With reference again to FIG. 6, it can be seen that the depicted directory structure 140 comprises a hierarchical structure. To this end, the directory structure 140 provides a structure that continually subdivides the memory space into smaller and smaller sections. Further, each section is represented by directory pages of the same structure, but indexes address spaces of different sizes. As pages are created or deleted, a linker inserts or deletes the pages from the directory. In one embodiment, the linker is a software module for linking data structures. The linker can operate responsive to the address ranges to provide the depicted hierarchical structure. Accordingly, the depicted directory 140 provides a scaleable directory for the shared address space. Moreover, the directory pages are stored in the distributed address space and maintained by the distributed shared memory system. A root for the directory can be stored in known locations to allow for bootstrap of the system. Consequently, commonly used pages are copied and distributed, and rarely used pages are shuffled off to disk. Similarly, directory pages will migrate to those nodes that access them most, providing a degree of self-organization that reduces network traffic.

FIG. 7 depicts the directory of FIG. 6 being employed by a system according to the invention. In particular FIG. 7 depicts a system 200 that includes two nodes, 206a and 206b, a directory structure 140, and a pair of local memories having volatile memory devices 64a and 64b,and persistent memory devices 62a and 62b. Depicted node 206a includes an address consumer 208a, a global address 210a, and interface 42a, a directory manager 44a and a memory controller 46a. Node 206b has corresponding elements. The nodes are connected by the network 54. A directory 140 having a root page, directory pages A-F and pages 1-5 is further depicted.

Each node 206a and 206b operates as discussed above. The depicted address consumers 208a and 208b can be an application program, file system, hardware device or any other such element that requests access to the virtual memory. In operation, the address consumers 208a and 208b request an address, or range of addresses, and the directory manager can include a global address generator that provides the consumer with the requested address, or a pointer to the requested address. As addresses get generated, the respective directory managers 44a and 44b generate directory pages and store the pages in the directory structure 140. As depicted, the directory structure 140 tracks the portions of the address space being employed by the system 200, and physical storage for each page is provided within the local memories.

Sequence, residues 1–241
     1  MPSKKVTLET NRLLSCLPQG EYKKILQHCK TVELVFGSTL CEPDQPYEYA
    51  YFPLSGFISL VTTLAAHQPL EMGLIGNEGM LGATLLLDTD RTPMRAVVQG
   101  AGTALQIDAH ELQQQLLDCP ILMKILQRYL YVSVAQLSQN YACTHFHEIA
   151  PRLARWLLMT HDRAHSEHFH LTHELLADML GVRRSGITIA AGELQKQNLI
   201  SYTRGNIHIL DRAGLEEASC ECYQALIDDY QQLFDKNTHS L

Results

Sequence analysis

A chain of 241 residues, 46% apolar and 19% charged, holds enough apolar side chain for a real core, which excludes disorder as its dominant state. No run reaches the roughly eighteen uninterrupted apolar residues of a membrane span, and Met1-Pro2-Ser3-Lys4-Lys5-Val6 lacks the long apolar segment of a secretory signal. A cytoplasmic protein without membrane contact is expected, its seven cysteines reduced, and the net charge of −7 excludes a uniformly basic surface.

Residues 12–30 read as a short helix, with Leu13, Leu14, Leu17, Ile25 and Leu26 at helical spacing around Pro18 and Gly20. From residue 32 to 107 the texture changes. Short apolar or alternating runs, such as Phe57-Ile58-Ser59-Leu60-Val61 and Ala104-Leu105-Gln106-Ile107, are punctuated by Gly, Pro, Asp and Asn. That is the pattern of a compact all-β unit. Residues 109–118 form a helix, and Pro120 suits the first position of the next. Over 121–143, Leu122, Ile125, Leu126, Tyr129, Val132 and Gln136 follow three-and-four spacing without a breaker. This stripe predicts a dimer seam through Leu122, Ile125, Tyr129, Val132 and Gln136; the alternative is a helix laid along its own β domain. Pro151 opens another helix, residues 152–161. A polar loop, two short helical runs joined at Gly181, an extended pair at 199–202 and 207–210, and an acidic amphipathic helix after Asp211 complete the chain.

As shown in FIG. 7, the data associated with the directory pages are distributively stored across the two local memories and duplicate copies can exist. As described above and now illustrated in FIG. 7, the data can move between different local memories and also move, or page, between volatile and persistent storage. The data movement can be responsive to data requests made by memory users like application programs, or by operation of the migration controller described above. As also described above, the movement of data between different memory locations can occur without requiring changes to the directory 140. This is achieved by providing a directory 140 that is decoupled from the physical location of the data by employing a pointer to a responsible node that tracks the data storage location. Accordingly, although the data storage location can change, the responsible node can remain constant, thereby avoiding any need to change the directory 140.

It will be understood to those of ordinary skill in the art that certain modification, additions, and subtractions can be made to the embodiments described above without departing from the spirit and scope of the invention. Accordingly, the invention described above is not to be limited to the illustrated embodiments and is to be understood by the claims set forth below.

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Classifications
U.S. Classification711/147, 707/E17.12, 711/201, 714/E11.016, 711/202, 711/E12.066, 711/100, 711/E12.025, 711/203, 714/E11.072
International ClassificationG06F15/167, H04L29/06, G06F11/20, G06F12/10, H04L29/14, G06F12/08, G06F9/50, H04L29/08, G06F12/00, G06F11/00, G06F17/30
Cooperative ClassificationY10S707/99953, G06F15/167, G06Q30/0641, G06F17/30902, G06F11/2043, G06F12/0813, G06F11/1666, G06F9/5016, G06F12/1072, H04L67/1097, H04L69/40
European ClassificationG06Q30/0641, G06F17/30W9C, H04L29/14, G06F12/10M, G06F12/08B4N, G06F15/167, H04L29/08N9S, G06F9/50A2M